Sorry to be a Debbie Downer, but I’m not impressed.
Post # 4
My mom has done WW on and off the last 10 years and HATES the new Freestyle program.
My mom isn’t really heavy so she had used WW when she wants to lose 10lb or so. I’m trying to remember the names of the other programs she did that were successful – I think one was Points Plus and one was Smart Points. She had more success with those programs because it was more based on a calories in/calories out concept. The bad thing with those programs was because it was mainly based on calories, you could eat crap and still be within your points allowance.
She started to dislike the program when many foods were given 0 points, and that’s the issue she’s having now. My mom’s problem isn’t necessarily what she ate, it was portion size (as is the problem with most people). She already eats a lot of lean protein and fruits and vegetables so she doesn’t agree with the concept that these should be free and not count at all in what you’re eating. Theoretically, one could eat all the free things and a lot of other garbage and still be in your points.
My mom is also ticked about how much the cost of the program has gone up in recent years. She does it online and the cost has more than doubled. It’s not crazy expensive, but you can get the My Fitness Pal app for free (and that’s what I use).
There’s a lot of doctors and scientists that believe that eating low fat isn’t healthy and I think WW doesn’t encourage the healthy fats. I remember reading that avocados are a crazy number of points so if you’re just going by points alone, you’re going to be discouraged to not eat those foods. Full fat (or low fat) vs no fat yogert has more flavor and will make you feel more satisfied so you’ll be less likely to want to eat something else. Again, almonds, like the PP said, have a lot of healthy fats but are a crazy high point value.
If you read the My Fitness Pal forums, there are quite a few posts on this topic, from members that have been lifelong members and have tried all the programs. They’re very intersting to read and bring up a lot of issues already mentioned here.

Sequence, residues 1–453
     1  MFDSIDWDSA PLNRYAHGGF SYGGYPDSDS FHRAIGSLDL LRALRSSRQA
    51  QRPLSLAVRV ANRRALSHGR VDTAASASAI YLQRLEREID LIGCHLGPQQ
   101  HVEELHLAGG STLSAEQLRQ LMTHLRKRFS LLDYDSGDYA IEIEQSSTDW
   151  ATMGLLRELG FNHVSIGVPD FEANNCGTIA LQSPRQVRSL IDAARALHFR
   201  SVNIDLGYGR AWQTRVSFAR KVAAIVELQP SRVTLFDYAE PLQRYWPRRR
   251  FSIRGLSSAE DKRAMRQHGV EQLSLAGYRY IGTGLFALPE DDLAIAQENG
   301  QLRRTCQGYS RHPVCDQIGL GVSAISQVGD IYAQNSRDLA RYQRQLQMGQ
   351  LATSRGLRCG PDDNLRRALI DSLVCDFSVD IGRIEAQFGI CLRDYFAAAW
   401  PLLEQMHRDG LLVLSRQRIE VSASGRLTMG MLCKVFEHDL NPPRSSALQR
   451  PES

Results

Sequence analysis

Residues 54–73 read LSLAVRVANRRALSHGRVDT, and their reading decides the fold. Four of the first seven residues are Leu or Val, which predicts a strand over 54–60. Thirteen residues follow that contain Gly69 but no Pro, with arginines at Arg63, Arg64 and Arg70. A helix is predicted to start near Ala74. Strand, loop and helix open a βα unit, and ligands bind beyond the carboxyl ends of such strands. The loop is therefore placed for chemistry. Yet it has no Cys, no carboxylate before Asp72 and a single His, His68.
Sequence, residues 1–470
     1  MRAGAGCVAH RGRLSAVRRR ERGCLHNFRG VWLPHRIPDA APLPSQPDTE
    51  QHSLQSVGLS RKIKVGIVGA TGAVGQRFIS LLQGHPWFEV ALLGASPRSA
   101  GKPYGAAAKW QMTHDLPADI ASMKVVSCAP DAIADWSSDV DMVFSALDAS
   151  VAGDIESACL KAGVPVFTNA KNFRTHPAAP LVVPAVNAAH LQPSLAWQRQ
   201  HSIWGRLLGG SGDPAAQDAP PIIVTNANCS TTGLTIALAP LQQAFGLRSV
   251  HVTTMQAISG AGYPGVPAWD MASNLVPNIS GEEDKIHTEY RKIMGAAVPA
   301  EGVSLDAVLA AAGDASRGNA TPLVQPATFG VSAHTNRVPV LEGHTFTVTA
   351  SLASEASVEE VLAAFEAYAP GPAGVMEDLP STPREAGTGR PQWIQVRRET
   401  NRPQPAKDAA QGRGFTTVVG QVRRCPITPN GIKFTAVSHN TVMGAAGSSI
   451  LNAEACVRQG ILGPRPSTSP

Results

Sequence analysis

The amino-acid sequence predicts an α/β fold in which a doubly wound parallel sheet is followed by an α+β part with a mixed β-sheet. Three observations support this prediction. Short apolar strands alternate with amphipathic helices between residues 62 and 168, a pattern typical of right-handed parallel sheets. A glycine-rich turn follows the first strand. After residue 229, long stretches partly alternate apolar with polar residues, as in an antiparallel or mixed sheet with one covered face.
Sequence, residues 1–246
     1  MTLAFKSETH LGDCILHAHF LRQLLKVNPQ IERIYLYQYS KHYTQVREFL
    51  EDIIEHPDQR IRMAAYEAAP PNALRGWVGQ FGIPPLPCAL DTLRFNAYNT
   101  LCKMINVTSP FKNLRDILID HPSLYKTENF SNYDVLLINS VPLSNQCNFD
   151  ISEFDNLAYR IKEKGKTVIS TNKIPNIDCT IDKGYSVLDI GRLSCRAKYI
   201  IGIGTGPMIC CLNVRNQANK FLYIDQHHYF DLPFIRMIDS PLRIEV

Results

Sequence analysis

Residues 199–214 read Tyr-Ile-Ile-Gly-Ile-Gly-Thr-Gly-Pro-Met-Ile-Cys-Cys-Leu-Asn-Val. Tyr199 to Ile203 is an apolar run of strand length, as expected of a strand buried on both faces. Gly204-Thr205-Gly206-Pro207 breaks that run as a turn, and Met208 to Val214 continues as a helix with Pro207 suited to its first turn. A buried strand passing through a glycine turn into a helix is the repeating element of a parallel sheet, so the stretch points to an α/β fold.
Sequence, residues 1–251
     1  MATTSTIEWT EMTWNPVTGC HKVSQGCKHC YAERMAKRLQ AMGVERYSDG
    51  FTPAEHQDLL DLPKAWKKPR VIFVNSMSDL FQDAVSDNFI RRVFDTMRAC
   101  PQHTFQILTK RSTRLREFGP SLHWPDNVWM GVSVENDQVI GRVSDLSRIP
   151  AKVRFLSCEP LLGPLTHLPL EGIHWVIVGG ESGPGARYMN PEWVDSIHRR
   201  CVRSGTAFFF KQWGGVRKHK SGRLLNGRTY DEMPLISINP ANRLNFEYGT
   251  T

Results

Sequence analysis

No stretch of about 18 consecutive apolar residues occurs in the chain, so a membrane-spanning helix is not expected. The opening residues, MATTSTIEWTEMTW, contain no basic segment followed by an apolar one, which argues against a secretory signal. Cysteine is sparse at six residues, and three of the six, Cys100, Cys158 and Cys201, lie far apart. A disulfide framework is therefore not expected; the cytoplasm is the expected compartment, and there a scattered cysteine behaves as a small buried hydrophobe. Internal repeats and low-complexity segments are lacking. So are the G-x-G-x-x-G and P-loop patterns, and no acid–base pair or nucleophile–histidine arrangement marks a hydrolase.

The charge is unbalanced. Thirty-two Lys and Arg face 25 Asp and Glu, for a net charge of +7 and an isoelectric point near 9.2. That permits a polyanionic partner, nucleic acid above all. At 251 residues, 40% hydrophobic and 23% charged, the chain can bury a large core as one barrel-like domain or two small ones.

Post # 5
“It’s the perfect business model. People give Weight Watchers the credit when they lose weight. Then they regain the weight and blame themselves. This sets them up to join Weight Watchers all over again, and they do.
The company brags about this to its shareholders. According to Weight Watchers’ business plan from 2001 (which I viewed in hard-copy form at a library), its members have ‘demonstrated a consistent pattern of repeat enrollment over a number of years,’ signing up for an average of four separate program cycles. And in an interview for the documentary <em style=”-webkit-font-smoothing: antialiased; box-sizing: inherit; text-rendering: optimizeLegibility; font-feature-settings: ‘lnum’ 1; font-variant-numeric: lining-nums;”>The Men Who Made Us Thin, former CFO Richard Samber explained that the reason the business was successful was because the majority of customers regained the weight they lost, or as he put it: ‘That’s where your business comes from.’”
Post # 6
I joined in December last year. I am loving it, and I feel like it is sustainable for me. I think all of the critiques here are totally valid. I did weight watchers years ago. I liked it, but it felt pretty restricitve to me. However, with Freestyle I feel like I have choices. Even if I don’t pig out on those options, I like to know they are there. It’s teaching me to make the right choices, and that is really what I need.